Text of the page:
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New information on treating breast cancer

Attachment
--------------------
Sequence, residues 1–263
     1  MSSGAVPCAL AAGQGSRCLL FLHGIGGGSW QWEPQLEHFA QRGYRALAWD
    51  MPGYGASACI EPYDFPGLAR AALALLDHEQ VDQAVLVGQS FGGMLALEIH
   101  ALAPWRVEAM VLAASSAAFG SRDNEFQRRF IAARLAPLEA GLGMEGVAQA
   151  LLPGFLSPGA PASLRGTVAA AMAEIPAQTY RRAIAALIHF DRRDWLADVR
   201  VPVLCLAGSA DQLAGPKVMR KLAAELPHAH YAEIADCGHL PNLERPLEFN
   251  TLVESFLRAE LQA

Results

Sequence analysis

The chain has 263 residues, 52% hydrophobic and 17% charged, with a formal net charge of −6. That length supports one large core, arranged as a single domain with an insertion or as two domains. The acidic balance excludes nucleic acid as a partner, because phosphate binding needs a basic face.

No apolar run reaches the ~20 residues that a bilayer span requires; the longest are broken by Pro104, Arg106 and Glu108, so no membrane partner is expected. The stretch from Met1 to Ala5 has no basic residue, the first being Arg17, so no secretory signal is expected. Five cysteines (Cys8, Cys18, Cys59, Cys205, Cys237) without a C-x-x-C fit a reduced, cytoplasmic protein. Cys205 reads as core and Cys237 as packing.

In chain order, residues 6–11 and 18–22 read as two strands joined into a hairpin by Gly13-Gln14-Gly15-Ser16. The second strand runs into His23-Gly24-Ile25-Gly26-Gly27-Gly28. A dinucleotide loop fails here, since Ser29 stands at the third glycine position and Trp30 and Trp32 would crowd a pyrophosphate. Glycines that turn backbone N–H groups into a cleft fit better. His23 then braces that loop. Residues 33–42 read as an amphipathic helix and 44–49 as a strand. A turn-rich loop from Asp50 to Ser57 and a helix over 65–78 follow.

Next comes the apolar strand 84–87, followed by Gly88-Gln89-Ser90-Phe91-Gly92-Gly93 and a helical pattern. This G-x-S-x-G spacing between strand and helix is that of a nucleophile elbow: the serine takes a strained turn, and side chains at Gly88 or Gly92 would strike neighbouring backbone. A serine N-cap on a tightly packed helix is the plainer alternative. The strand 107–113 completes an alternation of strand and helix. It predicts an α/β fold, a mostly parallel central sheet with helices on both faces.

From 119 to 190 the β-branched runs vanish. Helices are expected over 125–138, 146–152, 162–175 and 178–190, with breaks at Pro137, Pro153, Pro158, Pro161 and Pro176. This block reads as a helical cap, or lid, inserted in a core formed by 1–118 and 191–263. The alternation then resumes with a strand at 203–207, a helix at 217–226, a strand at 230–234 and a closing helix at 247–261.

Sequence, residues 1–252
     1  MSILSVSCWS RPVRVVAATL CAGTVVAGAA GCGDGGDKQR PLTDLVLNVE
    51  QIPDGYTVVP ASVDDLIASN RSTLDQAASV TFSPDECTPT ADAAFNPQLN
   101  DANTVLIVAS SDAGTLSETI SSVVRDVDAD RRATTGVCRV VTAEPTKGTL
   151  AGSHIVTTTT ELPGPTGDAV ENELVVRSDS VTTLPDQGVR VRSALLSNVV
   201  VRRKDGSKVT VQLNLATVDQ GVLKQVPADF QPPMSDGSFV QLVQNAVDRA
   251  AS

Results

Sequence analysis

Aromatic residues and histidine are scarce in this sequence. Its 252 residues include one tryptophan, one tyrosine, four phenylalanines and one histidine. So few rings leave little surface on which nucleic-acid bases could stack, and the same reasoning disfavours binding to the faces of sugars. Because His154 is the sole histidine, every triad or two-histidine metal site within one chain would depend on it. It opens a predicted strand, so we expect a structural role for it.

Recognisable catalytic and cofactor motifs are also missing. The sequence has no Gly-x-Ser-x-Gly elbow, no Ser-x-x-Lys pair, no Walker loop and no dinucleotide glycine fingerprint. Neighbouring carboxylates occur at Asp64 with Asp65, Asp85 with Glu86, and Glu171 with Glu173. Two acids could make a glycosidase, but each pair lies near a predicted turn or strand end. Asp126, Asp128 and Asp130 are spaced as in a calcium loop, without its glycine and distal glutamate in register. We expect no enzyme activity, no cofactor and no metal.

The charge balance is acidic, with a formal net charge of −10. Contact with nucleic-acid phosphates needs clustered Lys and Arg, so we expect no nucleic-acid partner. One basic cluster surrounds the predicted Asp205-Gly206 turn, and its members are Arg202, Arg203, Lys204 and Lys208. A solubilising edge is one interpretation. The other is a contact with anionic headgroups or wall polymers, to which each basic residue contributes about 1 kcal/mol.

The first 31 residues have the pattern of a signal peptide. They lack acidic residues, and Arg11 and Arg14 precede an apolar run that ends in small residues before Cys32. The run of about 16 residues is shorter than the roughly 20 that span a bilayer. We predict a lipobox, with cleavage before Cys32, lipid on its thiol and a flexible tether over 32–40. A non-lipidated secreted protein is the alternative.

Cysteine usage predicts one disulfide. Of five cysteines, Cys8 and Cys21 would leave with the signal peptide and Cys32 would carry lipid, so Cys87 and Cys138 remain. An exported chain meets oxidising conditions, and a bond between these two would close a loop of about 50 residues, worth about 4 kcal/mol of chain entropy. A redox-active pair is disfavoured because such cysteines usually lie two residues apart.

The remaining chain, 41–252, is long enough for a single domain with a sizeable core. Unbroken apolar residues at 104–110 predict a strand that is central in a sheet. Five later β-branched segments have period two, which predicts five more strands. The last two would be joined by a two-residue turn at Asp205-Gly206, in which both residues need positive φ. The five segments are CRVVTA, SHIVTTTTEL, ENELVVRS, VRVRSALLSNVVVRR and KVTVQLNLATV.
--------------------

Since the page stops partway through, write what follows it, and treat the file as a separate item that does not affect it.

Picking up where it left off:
HEALTH WATCH -- It's a staggering number, but one in eight women will get breast cancer in her lifetime. There is new information on how to treat breast cancer. Doctors are finding that, in some cases, less is more. Most women who are diagnosed with early stage breast cancer typically have surgery and then radiation to reduce the chances that the disease will return. But radiation brings a host of side effects, including swelling, breast shrinkage, and enlargement of surrounding blood vessels. These and other side effects can make it difficult for women to complete a full course of radiation, so doctors are exploring whether less radiation could be equally effective in fighting breast cancer. A typical course of radiation occurs in 25 installments given over five weeks. In two new studies that included more than 4,000 participants, researchers looked at what happened when women received higher amounts of radiation in fewer doses. Over a five-year period, they found that women treated with fewer radiation treatments were NO MORE likely to have their breast cancer return than those who received traditional radiation. All groups remained largely cancer free -- only two to five per cent of women had their breast cancer recur. But the women who received less radiation also had lower rates of side effects, suggesting the shorter treatment schedule is both safer and effective. Preventive care is very important with any kind of cancer. The American Cancer Society urges you to remember that early detection saves lives. For more information on breast cancer, visit

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